Saturday, 11 January 2014

Mandela: Long Walk to Freedom

The major critics don’t think much of this biopic, complaining that it is dull, unoriginal and uninspiring. It has become clear to me that those major critics and I do not watch films based on true events in the same way (think Hitchcock and Saving Mr. Banks as other examples). The critics seem to think that any film based on true events should be an insightful expose, something that provides a fresh perspective on the events it depicts or at least is 100% accurate/honest in telling its story. Often if a film is completely honest, it’s called boring, and if it’s entertaining, it’s called dishonest (a little bit of a catch-22). Accuracy and fresh insight are things I look for in a documentary, but not necessarily in a feature film, so I refuse to condemn a film for missing these marks. What I want is a film that grabs me and offers me something to think about. I do find some biopics (like 42) to be by-the-numbers and boring, as Mandela is accused of being. And yes, Mandela makes some mistakes and could have offered much more than it did. But Mandela is an important well-made film which deserves better reviews than it has received (IMHO).

We watched Mandela in a theatre with about thirty other people. My typical experience with film-watching is that most people leave as soon as the credits start to roll. Halfway through the credits, I (or we) am (are) usually the only person(s) in the theatre. At the end of Mandela, not one person in the theatre so much as moved until all the credits were finished (no, they were not sleeping), and Mandela is a long film. This might tell us something about the kinds of people who watch films like Mandela. But I believe it must also be a sign that the film moved the viewers in such a way that they felt the need to pause and meditate on what they had just seen. 42 would never have achieved such a reaction.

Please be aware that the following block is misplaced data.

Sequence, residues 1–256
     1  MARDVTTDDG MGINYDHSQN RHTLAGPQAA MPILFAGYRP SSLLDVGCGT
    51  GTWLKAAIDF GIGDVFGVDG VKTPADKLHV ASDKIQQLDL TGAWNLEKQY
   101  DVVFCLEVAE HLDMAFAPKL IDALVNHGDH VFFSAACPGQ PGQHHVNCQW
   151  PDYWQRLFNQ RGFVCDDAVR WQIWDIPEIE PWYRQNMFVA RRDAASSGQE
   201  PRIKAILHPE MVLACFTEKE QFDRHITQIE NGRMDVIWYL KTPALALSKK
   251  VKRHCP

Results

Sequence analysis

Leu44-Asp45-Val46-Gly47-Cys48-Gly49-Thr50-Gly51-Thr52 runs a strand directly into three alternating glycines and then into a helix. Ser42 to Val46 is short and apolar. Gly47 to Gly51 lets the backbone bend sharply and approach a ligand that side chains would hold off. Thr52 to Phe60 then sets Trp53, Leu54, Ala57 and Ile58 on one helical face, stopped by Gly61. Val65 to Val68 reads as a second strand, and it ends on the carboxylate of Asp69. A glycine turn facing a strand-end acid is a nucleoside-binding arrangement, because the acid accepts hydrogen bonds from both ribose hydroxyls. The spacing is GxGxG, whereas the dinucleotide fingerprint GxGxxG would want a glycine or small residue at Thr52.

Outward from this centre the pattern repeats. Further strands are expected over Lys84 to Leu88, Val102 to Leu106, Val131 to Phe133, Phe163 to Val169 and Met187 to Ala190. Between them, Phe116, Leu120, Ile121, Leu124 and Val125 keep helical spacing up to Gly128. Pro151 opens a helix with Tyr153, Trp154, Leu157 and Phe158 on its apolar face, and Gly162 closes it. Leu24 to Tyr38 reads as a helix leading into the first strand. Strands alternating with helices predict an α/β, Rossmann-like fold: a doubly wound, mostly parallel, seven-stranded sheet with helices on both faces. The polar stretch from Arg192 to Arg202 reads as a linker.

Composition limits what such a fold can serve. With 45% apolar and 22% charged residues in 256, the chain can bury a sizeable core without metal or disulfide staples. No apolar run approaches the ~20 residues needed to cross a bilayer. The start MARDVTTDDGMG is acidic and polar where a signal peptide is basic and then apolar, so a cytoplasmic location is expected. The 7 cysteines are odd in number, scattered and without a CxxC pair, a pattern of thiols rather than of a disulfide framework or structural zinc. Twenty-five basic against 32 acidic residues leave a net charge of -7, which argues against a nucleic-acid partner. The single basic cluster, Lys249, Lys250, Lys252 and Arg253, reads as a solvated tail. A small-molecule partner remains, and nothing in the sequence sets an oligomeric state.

Mandela does tell the story of Nelson Mandela in a straightforward linear way. It’s not trying to shock or mystify or dig very deeply into the minds and hearts of its characters. I might have appreciated it more had it done so. But it is also very far from a made-for-TV biopic. The acting is solid throughout and Idris Elba (as Mandela) is outstanding. The cinematography is appropriate for this kind of film and has its own distinct and powerful style. The music is excellent, swelling at only a few vital scenes. And while the speeches may not be as inspiring as they could be, this is partly the result of an obvious attempt to create an unsentimental film, no small feat in a story such as this.

Justin Chadwick’s film is based on Mandela’s autobiography so it may suffer uniquely for that. And it may be guilty of occasionally exoticizing the people of South Africa (as a friend noted). But, as I said, it is an important well-made film and I think it deserves ***+. My mug is up.

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